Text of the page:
NO KING by Richard Tipping 10 October 2012 Art Almanac
NO KING is an exhibition of signs and photographs by Richard Tipping currently showing at ArtHere in Redfern, Sydney.
Tipping takes his imagery, text, and forms from classic Australian road signs. Playing with this familiarity, he cleverly flips the associated meanings of the words and symbols into direct and provocative statements that challenge hierarchal structures of English royalty. By doing this, he addresses public language of the street, and using unexpected poetic interventions, extends our experience of public space to new, metaphorical meanings.
The works engage us through many levels – as everyday objects with unexpected alterations, we can read the text with a personal perspective, or imagine it's implications on broader society when placed into the public domain, as it would be in it's original form.
In No King, Tipping has cleverly managed to make a witty, ironic, and amusing collection of work drawn from everyday experience, while also directly commenting on Australia's current political climate.
New York Times Arts
ART IN REVIEW
by KEN JOHNSON Published: January 08, 1999
'Versions: Perversions, Subversions and Verse'
Ubu Gallery 16 East 78th Street Through Jan. 16
Richard Tipping, an artist and poet from Australia, operates along the blurry boundaries between the verbal and the visual, creating amusing, sometimes illuminating works of concrete poetry. In this extensive selection of works from three decades, words are embodied in stone, molded glass, carved wood and found objects.
Some pieces are primarily typographical compositions, like a wooden bowl bearing a circle of carved, gilded letters spelling ''Hear the art,'' a phrase in which the words ''heart,'' ''earth'' and ''hearth'' are embedded. But Mr. Tipping's most effective device is to alter familiar types of signs. A hexagonal red stop sign says ''Go.'' Standard black-and-white one-way traffic signs turn out on closer examination to read ''one day.'' A square white sign displays a red circle above the word ''ozone,'' a mysteriously ambiguous warning.
Mr. Tipping also ingeniously manipulates familiar commercial signs, as in a re-creation of an old Kentucky Fried Chicken poster in which he substitutes the image of Sigmund Freud for Colonel Sanders and adds a profane, Oedipally suggestive slogan. Such creations may be more clever than profound, but at best Mr. Tipping's wordplay sneakily interrupts our everyday habits of perception and cognition to mentally tonic effect.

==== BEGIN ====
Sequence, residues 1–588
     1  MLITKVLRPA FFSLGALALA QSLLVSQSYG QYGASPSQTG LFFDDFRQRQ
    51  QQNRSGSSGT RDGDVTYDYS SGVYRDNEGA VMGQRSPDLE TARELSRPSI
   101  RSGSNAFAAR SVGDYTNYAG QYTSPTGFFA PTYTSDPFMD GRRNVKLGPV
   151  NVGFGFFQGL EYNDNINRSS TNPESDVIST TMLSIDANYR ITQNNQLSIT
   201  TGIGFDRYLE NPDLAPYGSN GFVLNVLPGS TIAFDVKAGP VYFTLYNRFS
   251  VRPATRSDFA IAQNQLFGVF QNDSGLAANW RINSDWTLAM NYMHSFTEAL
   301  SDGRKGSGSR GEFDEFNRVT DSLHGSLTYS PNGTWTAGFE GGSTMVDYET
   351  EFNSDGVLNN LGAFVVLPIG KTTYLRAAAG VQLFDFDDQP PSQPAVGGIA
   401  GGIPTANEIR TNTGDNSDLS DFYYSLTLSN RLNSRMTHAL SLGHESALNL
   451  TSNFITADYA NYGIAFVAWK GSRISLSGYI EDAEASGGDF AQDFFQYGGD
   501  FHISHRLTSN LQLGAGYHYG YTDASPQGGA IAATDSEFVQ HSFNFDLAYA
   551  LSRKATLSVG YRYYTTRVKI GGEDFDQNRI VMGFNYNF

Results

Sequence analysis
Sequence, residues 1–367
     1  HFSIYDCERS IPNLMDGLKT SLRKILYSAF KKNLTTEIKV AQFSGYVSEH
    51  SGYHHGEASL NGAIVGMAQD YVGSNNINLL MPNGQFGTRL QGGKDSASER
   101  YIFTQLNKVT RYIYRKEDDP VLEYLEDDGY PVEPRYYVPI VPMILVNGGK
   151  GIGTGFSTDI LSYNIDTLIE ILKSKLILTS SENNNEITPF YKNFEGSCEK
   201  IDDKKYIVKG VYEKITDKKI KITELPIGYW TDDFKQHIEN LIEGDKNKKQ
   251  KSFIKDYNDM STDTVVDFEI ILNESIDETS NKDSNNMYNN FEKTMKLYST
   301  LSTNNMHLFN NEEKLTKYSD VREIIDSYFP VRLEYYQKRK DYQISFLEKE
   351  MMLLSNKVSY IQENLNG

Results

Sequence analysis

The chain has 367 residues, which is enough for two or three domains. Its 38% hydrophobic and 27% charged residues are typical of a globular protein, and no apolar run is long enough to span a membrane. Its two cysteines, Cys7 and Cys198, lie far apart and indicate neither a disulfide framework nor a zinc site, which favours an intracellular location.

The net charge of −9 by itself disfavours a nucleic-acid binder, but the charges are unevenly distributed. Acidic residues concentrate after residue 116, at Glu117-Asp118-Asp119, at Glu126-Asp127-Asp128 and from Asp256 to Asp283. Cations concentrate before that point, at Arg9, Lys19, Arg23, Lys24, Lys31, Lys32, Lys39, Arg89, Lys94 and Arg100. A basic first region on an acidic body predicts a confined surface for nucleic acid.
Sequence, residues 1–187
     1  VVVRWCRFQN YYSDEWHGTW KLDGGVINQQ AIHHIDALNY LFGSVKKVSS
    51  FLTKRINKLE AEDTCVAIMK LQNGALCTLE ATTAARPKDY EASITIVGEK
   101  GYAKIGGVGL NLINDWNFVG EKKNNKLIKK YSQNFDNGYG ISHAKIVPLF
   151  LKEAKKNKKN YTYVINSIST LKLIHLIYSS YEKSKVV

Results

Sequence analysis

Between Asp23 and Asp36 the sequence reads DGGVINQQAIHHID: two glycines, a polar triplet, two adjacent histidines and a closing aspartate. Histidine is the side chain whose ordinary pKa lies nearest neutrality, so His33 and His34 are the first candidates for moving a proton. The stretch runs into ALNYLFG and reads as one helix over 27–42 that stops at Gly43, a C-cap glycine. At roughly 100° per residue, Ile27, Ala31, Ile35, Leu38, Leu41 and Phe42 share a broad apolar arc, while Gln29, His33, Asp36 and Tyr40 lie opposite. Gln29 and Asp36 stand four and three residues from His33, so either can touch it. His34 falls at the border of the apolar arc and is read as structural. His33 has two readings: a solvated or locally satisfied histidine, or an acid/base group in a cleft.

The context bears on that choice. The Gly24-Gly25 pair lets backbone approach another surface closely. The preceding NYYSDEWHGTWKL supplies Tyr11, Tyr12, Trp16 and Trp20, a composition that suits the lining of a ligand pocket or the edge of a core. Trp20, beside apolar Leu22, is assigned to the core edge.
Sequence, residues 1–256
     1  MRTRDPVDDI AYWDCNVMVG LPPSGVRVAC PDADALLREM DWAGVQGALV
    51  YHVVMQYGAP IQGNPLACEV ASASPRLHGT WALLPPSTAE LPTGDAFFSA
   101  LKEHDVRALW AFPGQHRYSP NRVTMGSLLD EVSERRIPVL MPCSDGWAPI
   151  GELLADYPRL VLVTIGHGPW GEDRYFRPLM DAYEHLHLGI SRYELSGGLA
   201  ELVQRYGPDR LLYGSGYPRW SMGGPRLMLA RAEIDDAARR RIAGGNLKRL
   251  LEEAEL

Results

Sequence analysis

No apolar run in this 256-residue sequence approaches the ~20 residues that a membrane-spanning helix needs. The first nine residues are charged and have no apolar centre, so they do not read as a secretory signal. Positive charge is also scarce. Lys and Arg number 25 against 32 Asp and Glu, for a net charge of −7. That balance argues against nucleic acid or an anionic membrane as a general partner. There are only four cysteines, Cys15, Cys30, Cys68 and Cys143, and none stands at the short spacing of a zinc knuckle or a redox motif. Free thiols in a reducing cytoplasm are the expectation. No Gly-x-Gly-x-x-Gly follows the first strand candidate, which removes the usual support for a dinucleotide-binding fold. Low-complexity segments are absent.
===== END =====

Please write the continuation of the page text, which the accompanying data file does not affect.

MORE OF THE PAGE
Posted by Andrew Frost • September 28, 2012
The Art Life
On the stairwell wall of the art school's library there was a framed work on paper that simply read AIRPOET. Executed in the manner of a street sign it has plagued me for decades - to this day I still think airpoet when I'm on my way to Mascot. Such is the work of artist-poet Richard Tipping whose witty, punning and visually impactful word art signs is a vital link in the small history that is Australian text art.
Tipping's latest exhibition - and his third in 12 months - No King: Signs & Photographs by Richard Tipping continues the artist-poet's trademark détournement of street signage, this time collected around the theme of the Australian Republic such as NO KING, Thank You and featuring older works including REDUCE NEED and WRONG DAY GO BACK.
September 29 - October 20 Arthere Photomedia Space, Redfern.
Pic: Richard Tipping, Reduce Need, 2012. Courtesy the artist and Arthere Photomedia Space.
GO by Richard Tipping 1998. Pressed- aluminium sign, first issued 1999.
No King © Richard Tipping 2012
One Day 1998 © Richard Tipping Manipulated sign, issued as a small pressed-aluminium sign in 1999. Out of print.
(c) Richard Tipping All text and images are copyright and protected by international legislation. See the Copyright page for more information. For permission to use any of these materials please see Contact page